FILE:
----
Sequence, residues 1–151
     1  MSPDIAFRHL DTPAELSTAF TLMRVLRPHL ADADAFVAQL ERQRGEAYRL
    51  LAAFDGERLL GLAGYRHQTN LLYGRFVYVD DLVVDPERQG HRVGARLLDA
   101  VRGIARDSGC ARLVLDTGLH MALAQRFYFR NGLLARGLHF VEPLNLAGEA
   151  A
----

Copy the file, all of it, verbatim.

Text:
Sequence, residues 1–151
     1  MSPDIAFRHL DTPAELSTAF TLMRVLRPHL ADADAFVAQL ERQRGEAYRL
    51  LAAFDGERLL GLAGYRHQTN LLYGRFVYVD DLVVDPERQG HRVGARLLDA
   101  VRGIARDSGC ARLVLDTGLH MALAQRFYFR NGLLARGLHF VEPLNLAGEA
   151  A